Reputation management, then, is the management of stakeholder expectations in order to maximize the perceived competitive value of the organization. This is a market system called “Stakeholder Capitalism,” in which we see potential value and risk to value in the network effects of all stakeholders. We seek to acquire and retain “stakeholder share” of our key stakeholders to create greater value for an organization, industry, or other entity.

I advocate a process that integrates business strategy, marketing, branding, organizational engagement and communications. Through this integration, the organization creates “a formal reputation risk plan” that allows it to identify where and how it creates perceived value with each stakeholder and where there are gaps. The process manages reputation cross-functionally and at all “touch points.” The research that is done focuses on key reputation metrics.

Considerable success has come from managing the process with a “Stakeholder Relations Council,” which has usually been chaired by a communications professional. The members include those from other “stakeholder relations functions,” e.g., marketing, sales, HR, investor affairs, among others. The Council develops an integrated “reputation scorecard” with specific objectives and metrics for each member. As part of the process, communications not only is “at the table” but it also can find itself at the head of the table.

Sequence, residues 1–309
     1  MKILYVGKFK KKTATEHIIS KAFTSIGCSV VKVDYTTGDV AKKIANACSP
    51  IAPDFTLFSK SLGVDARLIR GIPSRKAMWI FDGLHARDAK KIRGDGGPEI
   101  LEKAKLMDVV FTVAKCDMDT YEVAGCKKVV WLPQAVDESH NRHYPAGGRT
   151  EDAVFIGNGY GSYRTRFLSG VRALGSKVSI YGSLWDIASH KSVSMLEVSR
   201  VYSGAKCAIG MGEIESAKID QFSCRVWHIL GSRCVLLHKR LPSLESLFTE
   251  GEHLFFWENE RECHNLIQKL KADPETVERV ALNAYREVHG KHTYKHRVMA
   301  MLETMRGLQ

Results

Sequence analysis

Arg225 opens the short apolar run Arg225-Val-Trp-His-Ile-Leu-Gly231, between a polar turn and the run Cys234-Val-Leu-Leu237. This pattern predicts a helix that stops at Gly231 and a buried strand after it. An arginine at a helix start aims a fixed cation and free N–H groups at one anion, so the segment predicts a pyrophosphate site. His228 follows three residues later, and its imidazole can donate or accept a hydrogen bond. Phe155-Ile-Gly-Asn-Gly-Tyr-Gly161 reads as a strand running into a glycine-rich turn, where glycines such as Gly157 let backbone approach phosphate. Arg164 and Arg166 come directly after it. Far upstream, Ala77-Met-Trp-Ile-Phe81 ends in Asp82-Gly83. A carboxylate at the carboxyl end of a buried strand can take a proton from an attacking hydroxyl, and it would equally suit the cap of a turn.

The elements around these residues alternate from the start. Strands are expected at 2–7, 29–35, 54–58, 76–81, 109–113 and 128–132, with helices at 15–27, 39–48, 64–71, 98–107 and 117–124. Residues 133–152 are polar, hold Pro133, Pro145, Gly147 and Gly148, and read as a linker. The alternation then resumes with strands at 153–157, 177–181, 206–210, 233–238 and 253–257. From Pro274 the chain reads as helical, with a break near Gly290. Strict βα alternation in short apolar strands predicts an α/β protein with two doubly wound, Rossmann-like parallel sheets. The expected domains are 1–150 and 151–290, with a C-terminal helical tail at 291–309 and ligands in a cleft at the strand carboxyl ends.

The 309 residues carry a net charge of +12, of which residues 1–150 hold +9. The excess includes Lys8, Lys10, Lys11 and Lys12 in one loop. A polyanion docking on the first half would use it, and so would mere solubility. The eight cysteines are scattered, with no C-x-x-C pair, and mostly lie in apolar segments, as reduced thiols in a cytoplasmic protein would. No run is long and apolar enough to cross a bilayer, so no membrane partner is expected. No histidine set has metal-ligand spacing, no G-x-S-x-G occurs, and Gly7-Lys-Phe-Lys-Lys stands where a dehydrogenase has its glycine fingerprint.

One company using this process found that it actually gained market share as it managed itself above the “line of expectations” of its industry; yet another found gaps in its sales processes that were undermining its reputation. The process is “ready made” for corporations to learn, adapt and implement, but PR agencies could develop such a strategy service.

Two-thirds of the corporate market is looking for a strategic process to manage reputation. The need is clear. Will the CCOs be up to the challenge, or will companies turn to marketing for leadership?  Will companies find help from their PR firms, or will they need to turn to consulting firms?  Public relations professionals have a choice to make. They can stay with their current approach to reputation that is not meeting the need of the market, or  adopt a new approach and offer a new service. It will require training, new knowledge and a new approach. What will the choice be?